Incomplete Rail Transit Network

When the article was written in 2007, the LA rail network consisted of the Blue Line, the Green Line, the Gold Line to Pasadena, the Red Line, and the short Purple Line. Since then, we’ve already opened Expo Phase 1 and Gold Line East Side.

So when I read articles like this, part of me thinks: check back with us in ten years, when Expo Line goes to Santa Monica, Regional Connector connects the Blue/Gold/Expo Lines, Crenshaw/LAX is done, and Westside Subway is built. Then check back with us ten years after that, when we’ve built a line from Sylmar to El Segundo, extended the Green Line and Gold Line, and who knows what else. LA is forever a work in progress, and forever reinventing itself. Let’s focus on making it great in the big picture; the details will work themselves out.

14 thoughts on “Transit, TOD, and Polycentrism

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  2. Nate

    I like this post, along with many of the others you’ve done lately. I don’t agree with everything, but I like the passion and thought. A few things about this post:

    1) I live near the Florence station on the blue line, and I walk past the Slauson station a fair amount. There is a lot of housing to the southwest of Slauson, as well as more housing just across to the north, and all of it is within a quarter mile. Plus, since it’s in the Florence-Firestone area, the housing holds large families as well as lots of add-on units, so the area is medium-high density.

    2) I understand your point about not over-planning, but I don’t see why planners can’t take a role in providing incentives for land use that is clearly a more positive use than certain other uses. The Florence-Firestone is a great example- the free market is not doing a good job developing the land around the stations. I don’t see why planners can’t intervene here to make something happen.

    As for your point about people being compex in their choice of apartments- that’s true, but in this case that’s just because most people (the market) haven’t fully realized the potential of transit yet. If your sister found an apartment near the beach but didn’t plan on going to the beach, I doubt she would choose to live there since she would be paying extra for something she doesn’t need. If in ten years the price of housing near red line stations is at a premium, then she will have to take it into consideration.

    1. letsgola Post author

      Thanks for reading, and for your thoughts. I am hoping to have some interesting discussions here. I’m sure I’ll get some things wrong (it would be pretty rich for me to complain about people thinking they know everything and then assume that I know… everything) so replies are always welcome.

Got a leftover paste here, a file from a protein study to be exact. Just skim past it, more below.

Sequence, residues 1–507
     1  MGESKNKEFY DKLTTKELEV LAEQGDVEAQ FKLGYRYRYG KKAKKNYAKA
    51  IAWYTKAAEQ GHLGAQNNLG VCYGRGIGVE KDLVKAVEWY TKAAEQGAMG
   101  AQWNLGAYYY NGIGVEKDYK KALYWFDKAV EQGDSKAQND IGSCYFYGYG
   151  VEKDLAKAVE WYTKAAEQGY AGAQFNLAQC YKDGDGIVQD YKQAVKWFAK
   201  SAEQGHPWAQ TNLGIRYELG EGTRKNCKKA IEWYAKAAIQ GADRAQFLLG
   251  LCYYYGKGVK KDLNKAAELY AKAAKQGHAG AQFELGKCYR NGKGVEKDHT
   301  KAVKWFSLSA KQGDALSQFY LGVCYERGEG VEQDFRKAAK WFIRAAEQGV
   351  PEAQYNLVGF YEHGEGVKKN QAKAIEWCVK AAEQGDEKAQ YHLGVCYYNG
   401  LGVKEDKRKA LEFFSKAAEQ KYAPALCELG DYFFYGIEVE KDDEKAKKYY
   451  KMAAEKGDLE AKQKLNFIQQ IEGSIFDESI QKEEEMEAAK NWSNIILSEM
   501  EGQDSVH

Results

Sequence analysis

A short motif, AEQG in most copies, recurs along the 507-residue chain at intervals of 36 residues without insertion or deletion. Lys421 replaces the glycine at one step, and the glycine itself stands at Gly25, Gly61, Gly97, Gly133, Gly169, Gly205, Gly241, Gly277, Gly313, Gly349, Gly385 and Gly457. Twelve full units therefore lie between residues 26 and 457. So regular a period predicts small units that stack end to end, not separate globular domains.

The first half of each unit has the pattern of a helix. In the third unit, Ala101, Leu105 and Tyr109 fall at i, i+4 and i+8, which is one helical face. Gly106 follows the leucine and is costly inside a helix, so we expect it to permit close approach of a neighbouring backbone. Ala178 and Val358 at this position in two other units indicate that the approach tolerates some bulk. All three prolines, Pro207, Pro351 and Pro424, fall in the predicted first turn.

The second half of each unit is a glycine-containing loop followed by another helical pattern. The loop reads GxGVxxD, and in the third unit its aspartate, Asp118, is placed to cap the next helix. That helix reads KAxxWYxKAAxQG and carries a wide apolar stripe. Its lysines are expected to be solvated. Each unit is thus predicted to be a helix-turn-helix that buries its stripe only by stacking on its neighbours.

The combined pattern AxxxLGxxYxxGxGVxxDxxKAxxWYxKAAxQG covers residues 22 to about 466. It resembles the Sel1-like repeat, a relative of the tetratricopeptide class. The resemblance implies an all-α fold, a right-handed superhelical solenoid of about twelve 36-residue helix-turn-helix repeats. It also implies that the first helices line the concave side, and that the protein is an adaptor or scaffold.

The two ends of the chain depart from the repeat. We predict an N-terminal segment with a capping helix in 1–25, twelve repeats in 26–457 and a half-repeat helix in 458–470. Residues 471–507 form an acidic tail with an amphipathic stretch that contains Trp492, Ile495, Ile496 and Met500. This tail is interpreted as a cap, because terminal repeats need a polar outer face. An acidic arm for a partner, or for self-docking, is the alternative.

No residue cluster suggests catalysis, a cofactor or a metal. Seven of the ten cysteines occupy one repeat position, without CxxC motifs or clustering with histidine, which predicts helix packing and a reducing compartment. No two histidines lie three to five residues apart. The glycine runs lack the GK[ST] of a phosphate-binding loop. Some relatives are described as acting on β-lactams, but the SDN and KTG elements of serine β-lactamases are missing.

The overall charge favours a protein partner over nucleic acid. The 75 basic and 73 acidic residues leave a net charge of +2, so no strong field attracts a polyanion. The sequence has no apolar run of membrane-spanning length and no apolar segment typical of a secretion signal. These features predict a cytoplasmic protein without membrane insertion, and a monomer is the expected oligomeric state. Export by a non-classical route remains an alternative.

Florence-Firestone: it’s an interesting area, being one of the unincorporated “county islands”. At a glance it looks like it’s mostly zoned R-3 and some R-4. R-3 allows up to 35′ high buildings but requires 1452 sq ft per unit and 1.5 parking spaces per 1 bedroom unit. Given those requirements, most of the lots in that area probably couldn’t support more than 4-8 units. The main streets are zoned commercial of course. I don’t know that area all that well, though; that’s just a general impression.

      The beach thing is a good analogy. As the transit system gets better, being close to a station will result in a price premium. (I used to live closer to the beach, but I rarely went, and avoiding that price premium was definitely a consideration!)

      1. Nate

        I’m actually new to the Florence-Firestone area as well as LA. I’m from the Bay Area, but my wife grew up here and so we’re settling near her family for the time being. I’m getting a planning Masters starting this fall at UCLA, but I’m very keen to learn other points of view- developers, builders, engineers. So this site is great at puncturing some commonly held views!

        This housing stock in the FF area is very old. Most lots hold two houses, though there are all sorts of multi-housing units of varying kinds here and there. One of the things I’m looking to study the next few years is what kind of development would work here around the rail stations, and since the market hasn’t moved in the 25 years of the blue line, I’m currently inclined to look at what the government can do to induce some growth around the well-used transit stations.

        By the way, I’ve heard from some other bloggers that if you post your stuff on related Reddit threads, that’s a good way to get some discussion going.

      2. letsgola Post author

        Welcome to LA, and good luck with school!

        Regarding old housing stock, it seems to me that it’s a symptom of a pretty common feature of how development happens now – all at once, then not at all. Neighborhoods grow up but then, for a host of reasons, they get frozen in time.

        If you go forward with looking at the land use around the stations, be sure to check out what the current zoning allows. There are probably some lots that could legally have more but it doesn’t make sense, either because the increase would be too small (e.g. going from 6 units to 8 units) or because fitting in the currently required parking would be tough.